With Economics: The User’s Guide, the author aims to give a short and easy lesson on economics to a large audience by reviewing some basic concepts and mechanisms such as labour and capital, while also refreshing our minds with a summary of the last two and half centuries of economic history.
But do not let this apparently neutral title mislead you. Beyond providing a user’s guide, Professor Chang’s book conveys a more political message: that "economics is too important to be left to professional economists". Cleverly provocative, the Cambridge professor mocks the experts who spend more time doing complicated calculations and abstract reasoning than actually looking into the concrete realities of firms.
Talking about his book at the OECD in February 2015, Prof Chang is scathing towards the world of finance and the failure of professional economists to predict the 2008 crisis. He believes that financial markets should be "strictly" regulated as they have become too powerful, and he denounces the "unholy" alliance between shareholders and professional managers.
Economics: The User’s Guide is a highly charged book which the author uses to place economics back into what he considers to be its original and rightful context, namely politics. After all, as Mr Chang insists, values rather than pure science underpin a government’s economic policies, with the result that efforts to find a way out of the crisis have at times led to contradictory approaches. Overall, the author wants to equip readers with a few tools to better understand what is going on in the economic sphere, so that they can indeed become more engaged in discussions and policy actions as well, even if they feel allergic to economic numbers.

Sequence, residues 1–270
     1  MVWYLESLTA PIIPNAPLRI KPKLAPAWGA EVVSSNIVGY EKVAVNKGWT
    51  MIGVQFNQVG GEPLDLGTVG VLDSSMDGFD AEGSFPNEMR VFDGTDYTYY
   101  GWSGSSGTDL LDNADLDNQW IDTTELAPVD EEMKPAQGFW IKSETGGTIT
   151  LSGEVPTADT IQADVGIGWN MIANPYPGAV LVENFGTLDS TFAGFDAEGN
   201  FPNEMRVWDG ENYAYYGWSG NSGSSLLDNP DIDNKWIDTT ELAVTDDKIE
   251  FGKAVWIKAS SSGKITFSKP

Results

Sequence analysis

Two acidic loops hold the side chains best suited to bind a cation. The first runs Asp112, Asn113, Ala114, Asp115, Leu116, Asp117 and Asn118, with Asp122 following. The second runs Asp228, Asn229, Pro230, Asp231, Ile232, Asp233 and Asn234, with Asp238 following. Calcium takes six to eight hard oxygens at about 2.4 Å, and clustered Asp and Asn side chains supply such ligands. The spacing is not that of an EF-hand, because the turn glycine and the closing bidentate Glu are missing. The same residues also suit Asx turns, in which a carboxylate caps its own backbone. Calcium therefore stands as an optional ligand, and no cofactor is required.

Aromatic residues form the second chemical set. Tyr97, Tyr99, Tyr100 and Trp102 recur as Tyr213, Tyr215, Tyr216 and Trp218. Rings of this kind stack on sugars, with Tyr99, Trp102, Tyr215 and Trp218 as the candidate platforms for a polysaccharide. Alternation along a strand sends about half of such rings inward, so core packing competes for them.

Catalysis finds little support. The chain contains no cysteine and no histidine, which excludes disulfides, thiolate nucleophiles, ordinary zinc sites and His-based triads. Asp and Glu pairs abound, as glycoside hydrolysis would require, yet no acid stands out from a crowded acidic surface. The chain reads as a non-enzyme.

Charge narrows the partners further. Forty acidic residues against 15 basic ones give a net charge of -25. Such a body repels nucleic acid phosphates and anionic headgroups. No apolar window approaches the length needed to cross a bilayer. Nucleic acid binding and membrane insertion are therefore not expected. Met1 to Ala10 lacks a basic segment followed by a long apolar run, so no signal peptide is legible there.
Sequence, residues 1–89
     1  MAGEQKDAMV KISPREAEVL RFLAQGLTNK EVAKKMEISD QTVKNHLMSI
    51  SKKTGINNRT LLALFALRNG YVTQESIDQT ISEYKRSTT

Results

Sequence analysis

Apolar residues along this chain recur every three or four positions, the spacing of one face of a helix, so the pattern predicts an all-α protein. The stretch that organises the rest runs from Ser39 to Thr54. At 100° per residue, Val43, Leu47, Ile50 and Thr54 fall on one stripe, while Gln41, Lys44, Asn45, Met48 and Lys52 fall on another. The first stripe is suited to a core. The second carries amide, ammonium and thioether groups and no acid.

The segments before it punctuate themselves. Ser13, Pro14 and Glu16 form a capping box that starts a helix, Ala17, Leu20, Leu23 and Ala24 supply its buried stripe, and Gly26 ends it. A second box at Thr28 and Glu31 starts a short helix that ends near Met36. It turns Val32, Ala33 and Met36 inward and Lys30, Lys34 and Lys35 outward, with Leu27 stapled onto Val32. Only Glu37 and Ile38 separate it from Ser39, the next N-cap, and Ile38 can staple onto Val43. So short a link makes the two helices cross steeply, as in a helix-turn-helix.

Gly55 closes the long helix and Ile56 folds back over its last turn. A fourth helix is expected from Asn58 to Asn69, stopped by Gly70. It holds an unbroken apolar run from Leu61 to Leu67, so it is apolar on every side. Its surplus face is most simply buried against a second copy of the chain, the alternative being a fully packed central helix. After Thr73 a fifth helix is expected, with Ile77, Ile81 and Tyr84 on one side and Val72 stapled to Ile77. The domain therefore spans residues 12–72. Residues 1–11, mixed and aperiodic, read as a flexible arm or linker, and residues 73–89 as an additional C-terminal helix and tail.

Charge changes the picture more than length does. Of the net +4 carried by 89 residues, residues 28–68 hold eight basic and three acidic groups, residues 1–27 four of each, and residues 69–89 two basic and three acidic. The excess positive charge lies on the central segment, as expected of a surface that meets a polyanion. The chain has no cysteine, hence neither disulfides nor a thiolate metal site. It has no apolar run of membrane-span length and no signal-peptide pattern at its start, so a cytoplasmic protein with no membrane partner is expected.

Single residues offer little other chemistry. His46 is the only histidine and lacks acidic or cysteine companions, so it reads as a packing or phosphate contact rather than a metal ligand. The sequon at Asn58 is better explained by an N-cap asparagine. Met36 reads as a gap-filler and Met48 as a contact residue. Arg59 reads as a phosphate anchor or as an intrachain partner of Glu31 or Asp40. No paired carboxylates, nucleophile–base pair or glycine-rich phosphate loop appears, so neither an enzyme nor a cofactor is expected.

Chang, Ha-Joon (2014), Economics, The User’s Guide: A Pelican Introduction, Bloomsbury Press, New York. ISBN: 9780718197032
©OECD Observer No 302, April 2015